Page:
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The Boston Phoenix Power Trips

"Silicon Valley," and "After Stonewall"

By Robert David Sullivan

JUNE 21, 1999:  If it had been created by gays and lesbians, the computer industry would be one big happy family, driven by nothing but a sincere desire to make the world a freer place. And if Bill Gates had been a little more graceful at the roller disco, he would have become the richest man in the world by cornering the market in Donna Summer albums.

At least, that's the impression I get from two films covering different social revolutions of the past 30 years. The much-hyped docudrama Pirates of Silicon Valley (which premiered June 20 on TNT) reduces the battle between Apple Computers and Microsoft to a pissing contest between two stereotypes, with victory going to the more insane player. Pirates writer and director Martyn Burke tries to depict Apple founder Steve Jobs as a spoiled, ruthless jerk who abandons his pregnant girlfriend and attacks one form of conformity (the blue suits and nuclear families of IBM) only to impose an equally narrow mindset on Apple employees (making them work so many hours that a family is impossible, and firing guys who can't look cool in T-shirts and jeans). Trouble is, Jobs is played by Noah Wyle, and his scenes are like an episode of ER in which the kindly Dr. Carter barks at interns (but in a cute, "please pet me" way) at the end of a long shift. I kept waiting for Carter -- er, Jobs -- to realize that he's been taking the wrong prescription medicine so that we could get back to the saga of Carol Hathaway and her own illegitimate kid.

Jobs is no match for Dr. Evil, a/k/a Microsoft billionaire and world ruler Bill Gates. The übernerd is played by Anthony Michael Hall as a dropout from the Norman Bates School of Social Skills, with the high-pitched voice of a 14-year-old and a sex life that seems limited to sticky copies of Playboy. When he hits on women at a roller-skating rink, it seems he's trying to reassure his Microsoft partners that he has a human soul. We know better, having already seen Gates grinning from a huge video screen like 1984's Big Brother.

Often corny and cliché'd, Pirates nevertheless wipes away the sentimental view that the Apple-Microsoft battle was about different business philosophies. Both Jobs and Gates amass power by working other people to death, buying technology from geeks who don't know the value of their own inventions, and tricking corporations into buying products that don't yet exist. The parallel tales of egomania don't leave you with many characters to root for. Certainly you can share Gates's contempt for the IBM idiot who says, "The profits are in the computers themselves, not this software stuff." And it would be hard to get behind Apple co-founder Steve Wozniak (Joey Slotnik), the voice of reason (and chief narrator) of Pirates. His weak attempts to stand up to Jobs suggest he was just too lazy to lust after power.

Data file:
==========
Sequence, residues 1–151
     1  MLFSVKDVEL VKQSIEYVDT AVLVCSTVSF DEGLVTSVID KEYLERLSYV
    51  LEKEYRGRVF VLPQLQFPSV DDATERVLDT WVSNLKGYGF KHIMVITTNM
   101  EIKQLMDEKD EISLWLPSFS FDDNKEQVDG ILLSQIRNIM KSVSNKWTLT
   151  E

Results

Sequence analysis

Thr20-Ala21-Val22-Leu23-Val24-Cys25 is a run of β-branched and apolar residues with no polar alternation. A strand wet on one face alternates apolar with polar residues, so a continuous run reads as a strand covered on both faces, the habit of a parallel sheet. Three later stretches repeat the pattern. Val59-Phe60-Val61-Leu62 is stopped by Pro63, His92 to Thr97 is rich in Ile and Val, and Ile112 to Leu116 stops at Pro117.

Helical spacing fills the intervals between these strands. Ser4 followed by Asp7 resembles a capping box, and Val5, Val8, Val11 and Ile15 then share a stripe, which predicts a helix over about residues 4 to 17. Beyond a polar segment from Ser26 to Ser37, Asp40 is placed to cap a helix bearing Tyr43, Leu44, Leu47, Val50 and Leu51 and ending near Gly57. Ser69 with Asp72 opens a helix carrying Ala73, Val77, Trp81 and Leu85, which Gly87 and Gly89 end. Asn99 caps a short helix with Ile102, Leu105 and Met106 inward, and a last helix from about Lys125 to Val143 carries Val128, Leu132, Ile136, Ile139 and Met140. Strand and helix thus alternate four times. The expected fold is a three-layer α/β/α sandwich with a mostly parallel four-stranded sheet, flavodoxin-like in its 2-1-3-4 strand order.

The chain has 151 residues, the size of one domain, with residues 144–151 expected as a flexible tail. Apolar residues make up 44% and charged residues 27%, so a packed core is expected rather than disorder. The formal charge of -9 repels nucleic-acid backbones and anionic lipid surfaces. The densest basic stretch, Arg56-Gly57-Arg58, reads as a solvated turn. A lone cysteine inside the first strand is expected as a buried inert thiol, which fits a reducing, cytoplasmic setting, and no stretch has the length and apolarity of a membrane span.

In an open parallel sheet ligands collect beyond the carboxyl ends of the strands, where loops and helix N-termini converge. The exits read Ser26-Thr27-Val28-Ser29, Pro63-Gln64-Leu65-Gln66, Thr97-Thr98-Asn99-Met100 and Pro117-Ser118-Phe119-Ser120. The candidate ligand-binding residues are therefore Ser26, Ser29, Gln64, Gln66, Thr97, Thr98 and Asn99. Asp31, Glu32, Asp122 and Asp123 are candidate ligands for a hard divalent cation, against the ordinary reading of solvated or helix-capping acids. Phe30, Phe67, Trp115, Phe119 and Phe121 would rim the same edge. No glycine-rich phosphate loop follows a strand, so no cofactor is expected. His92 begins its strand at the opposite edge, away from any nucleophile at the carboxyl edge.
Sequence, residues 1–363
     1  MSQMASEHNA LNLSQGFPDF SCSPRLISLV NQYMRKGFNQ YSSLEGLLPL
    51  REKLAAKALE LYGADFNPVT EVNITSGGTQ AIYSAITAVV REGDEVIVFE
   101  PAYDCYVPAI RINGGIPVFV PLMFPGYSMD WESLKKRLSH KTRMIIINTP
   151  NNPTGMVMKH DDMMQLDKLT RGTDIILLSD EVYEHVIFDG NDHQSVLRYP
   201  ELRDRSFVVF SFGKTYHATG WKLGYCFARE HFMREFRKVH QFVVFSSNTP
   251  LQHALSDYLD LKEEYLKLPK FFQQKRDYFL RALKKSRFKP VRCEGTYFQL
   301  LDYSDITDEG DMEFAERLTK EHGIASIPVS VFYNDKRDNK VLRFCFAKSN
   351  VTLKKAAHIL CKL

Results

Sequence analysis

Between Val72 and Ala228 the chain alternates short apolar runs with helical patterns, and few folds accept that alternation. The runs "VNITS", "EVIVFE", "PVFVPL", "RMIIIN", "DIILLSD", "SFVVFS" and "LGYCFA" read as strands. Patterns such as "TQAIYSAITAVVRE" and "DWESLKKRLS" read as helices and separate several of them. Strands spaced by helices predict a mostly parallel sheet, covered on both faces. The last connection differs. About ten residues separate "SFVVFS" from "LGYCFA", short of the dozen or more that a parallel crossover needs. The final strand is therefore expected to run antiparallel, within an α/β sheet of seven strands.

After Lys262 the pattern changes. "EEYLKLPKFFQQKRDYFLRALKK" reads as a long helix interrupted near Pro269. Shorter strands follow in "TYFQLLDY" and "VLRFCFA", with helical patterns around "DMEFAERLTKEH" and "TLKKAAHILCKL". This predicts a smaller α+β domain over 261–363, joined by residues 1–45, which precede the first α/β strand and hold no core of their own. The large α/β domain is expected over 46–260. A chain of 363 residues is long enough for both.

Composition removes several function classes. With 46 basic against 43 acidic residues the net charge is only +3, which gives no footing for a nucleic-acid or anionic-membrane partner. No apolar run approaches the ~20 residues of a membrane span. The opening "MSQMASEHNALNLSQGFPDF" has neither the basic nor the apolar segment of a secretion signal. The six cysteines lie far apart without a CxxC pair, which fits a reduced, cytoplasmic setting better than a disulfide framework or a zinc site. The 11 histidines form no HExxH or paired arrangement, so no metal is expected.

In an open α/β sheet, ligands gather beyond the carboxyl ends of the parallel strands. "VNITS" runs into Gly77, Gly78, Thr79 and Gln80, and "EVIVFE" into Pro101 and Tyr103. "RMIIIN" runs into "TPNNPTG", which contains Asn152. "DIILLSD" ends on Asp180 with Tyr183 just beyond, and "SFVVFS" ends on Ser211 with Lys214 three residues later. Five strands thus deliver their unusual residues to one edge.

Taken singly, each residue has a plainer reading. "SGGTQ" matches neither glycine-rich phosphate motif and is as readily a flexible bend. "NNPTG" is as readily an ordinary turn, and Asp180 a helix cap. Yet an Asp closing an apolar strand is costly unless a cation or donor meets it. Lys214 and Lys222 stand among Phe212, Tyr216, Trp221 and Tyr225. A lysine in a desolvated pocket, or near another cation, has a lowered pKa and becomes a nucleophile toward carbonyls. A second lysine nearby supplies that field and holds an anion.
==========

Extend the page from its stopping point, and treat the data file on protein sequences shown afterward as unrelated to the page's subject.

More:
The absence of heroes in Pirates of Silicon Valley is considerably more believable than the surplus of saints in After Stonewall: From the Riots to the Millennium. Narrated by Melissa Etheridge, the sequel to the gay documentary Before Stonewall (1985) is a valentine to a united gay community that has matured through several decades without the infighting and second-guessing that has characterized the women's and African-American civil-rights movements. This is a complete fantasy, of course, but it is apparently the intended message in a film that will likely be seen by millions of heterosexuals. After Stonewall avoids the pros and cons of "assimilation" (the issue that has colored most of the gay intellectual debates of the past decade) and ignores the broadening of gay politics to include groups like the Log Cabin Republicans. Neither could you guess from seeing this film that gay people were among those who wanted to shut down bathhouses as a way to limit AIDS, or that a sizable part of the gay political community dismiss the right to marry as a pathetic attempt to imitate straight people.

No gay or lesbian individual is criticized in After Stonewall, despite the inclusion of such lightning rods as safe-sex scold Larry Kramer and political lobbyist Elizabeth Birch. Perhaps some activists participated only after being assured they would not be criticized on camera. Or perhaps filmmakers Vic Basile and John Scagliotti included only those who would honor the queer version of Ronald Reagan's famous Eleventh Commandment ("Thou shall not speak ill of a fellow Republican"). This approach is especially regrettable because the film doesn't have the dramatic pull of Before Stonewall, where one could more easily accept the premise that all gays and lesbians had the same goal -- that is, not getting clubbed to death. After an hour and a half of self-congratulation by a tiny group of gay activists, After Stonewall scores some emotional points by lingering over the murder of Matthew Shepard and ends with an older lesbian musing about how nice it would be to live in a queer nursing home. The presumably inadvertent message is that the gay civil-rights movement has entered its twilight years, a time for trading war stories and staying away from topics that might excite the heart. I pray that the religious right is just as tired.

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